The Right Swipe by Alisha Rai || Book Review

The Right Swipe is one of my favourite reads of 2020, hands down.

It’s probably the best romance book I read, too. That needs to be crosschecked because my memory is trash and I forgot what other books I read that year. When I think of my favourite romance book of 2020, I think of The Right Swipe.

It’s such a shame that I took this long to read it. And I’m going to convince you to read it if you haven’t yet.

the right swipe book cover

Rhiannon Hunter may have revolutionized romance in the digital world, but in real life she only swipes right on her career—and the occasional hookup. The cynical dating app creator controls her love life with a few key rules:

– Nude pics are by invitation only
– If someone stands you up, block them with extreme prejudice
– Protect your heart

Only there aren’t any rules to govern her attraction to her newest match, former pro-football player Samson Lima. The sexy and seemingly sweet hunk woos her one magical night… and disappears.

Rhi thought she’d buried her hurt over Samson ghosting her, until he suddenly surfaces months later, still big, still beautiful—and in league with a business rival. He says he won’t fumble their second chance, but she’s wary. A temporary physical partnership is one thing, but a merger of hearts? Surely that’s too high a risk…

Trigger warnings: sexual harassment, cyberbullying and harassment, domestic verbal abuse, grief.

It’s almost as if this book was written for me. Not because it has tropes I love or has something I look for in every book. It is because the book sets new standards. Now that I have read The Right Swipe, anything less than the standards this book holds is not good enough.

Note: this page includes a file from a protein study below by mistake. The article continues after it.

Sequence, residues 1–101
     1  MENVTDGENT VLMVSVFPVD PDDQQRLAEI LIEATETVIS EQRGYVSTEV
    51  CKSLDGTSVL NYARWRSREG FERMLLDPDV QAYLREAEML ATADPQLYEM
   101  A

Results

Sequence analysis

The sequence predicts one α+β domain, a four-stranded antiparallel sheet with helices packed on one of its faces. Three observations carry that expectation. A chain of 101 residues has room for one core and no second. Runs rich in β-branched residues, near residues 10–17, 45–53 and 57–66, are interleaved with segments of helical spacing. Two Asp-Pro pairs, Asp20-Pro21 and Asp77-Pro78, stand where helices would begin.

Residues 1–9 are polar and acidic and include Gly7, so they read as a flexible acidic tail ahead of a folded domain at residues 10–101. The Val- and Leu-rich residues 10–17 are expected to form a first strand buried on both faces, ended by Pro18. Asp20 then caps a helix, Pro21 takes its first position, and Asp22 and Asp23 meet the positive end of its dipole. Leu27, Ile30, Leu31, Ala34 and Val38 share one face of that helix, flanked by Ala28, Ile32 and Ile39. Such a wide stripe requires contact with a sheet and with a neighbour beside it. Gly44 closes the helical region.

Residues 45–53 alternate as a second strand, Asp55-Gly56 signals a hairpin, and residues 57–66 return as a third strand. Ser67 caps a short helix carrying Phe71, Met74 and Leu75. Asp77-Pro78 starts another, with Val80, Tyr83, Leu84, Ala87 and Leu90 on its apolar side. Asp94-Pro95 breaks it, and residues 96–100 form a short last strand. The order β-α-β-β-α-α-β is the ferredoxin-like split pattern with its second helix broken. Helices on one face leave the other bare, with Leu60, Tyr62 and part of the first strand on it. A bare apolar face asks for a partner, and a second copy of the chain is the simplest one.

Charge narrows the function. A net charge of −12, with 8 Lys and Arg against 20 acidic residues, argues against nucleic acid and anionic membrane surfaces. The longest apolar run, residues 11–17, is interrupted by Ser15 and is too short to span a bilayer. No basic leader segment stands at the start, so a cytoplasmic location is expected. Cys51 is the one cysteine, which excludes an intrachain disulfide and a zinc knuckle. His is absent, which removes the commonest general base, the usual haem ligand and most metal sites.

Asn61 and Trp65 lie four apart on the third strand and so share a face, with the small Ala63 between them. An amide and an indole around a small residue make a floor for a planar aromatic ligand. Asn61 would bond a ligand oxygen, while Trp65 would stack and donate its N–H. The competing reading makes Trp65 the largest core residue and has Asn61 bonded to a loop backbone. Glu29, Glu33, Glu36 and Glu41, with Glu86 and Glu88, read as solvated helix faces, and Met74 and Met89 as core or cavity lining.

I loved Rhiannon. Right off the bat, we see exactly what kind of person she is. She is headstrong, competitive, ambitious, and clever. Give her more time and she will conquer the world. Even if she is not a relatable character for everyone, you WILL connect to her.

While she is brilliant, Rhiannon is also flawed because of her past and her single-mindedness towards her goal. She works too much, doesn’t take out time for family enough, and is always thinking about how to climb higher. Failure is not an option. Her mantra is “success is the best revenge”, something that her mom told her several years back and one that keeps her going no matter what.

“No one’s universally liked. Beyoncé isn’t universally liked. Has that stopped her? No. Be like Beyoncé.”

I really liked the complexity of Rhiannon’s character. She is not one-dimensional or the poster child for ambition and drive. She has those in spades, but we also see how those very things hold her back.

Her love interest Samson is the perfect other half. Samson Lima completely charmed me. An ex-football player, Samson is still figuring out the next step in his career. He is a huge softy, knows just the right things to say, and is clever with his smiles. He is used to fame because his father is a legacy in football, and he knows how to use it.

Samson’s backstory is complex. I can’t explain it in a few sentences. He has a troubled past with his dad, is accidentally the advocate of good healthcare in sports, and is also the face of a new marketing campaign.

The complexity is what impressed me in The Right SwipeThe author has crafted these very realistic characters with strengths, flaws, histories, and individual careers. Enough time was spent on building up the characters and getting the readers to connect to both of them individually. Generally, romance books focus more on the female lead but this book focused on both. We see both of them learn and grow.

“It’s not a weakness to take care of yourself. Asking for and taking what you need to function should never be considered a weakness.”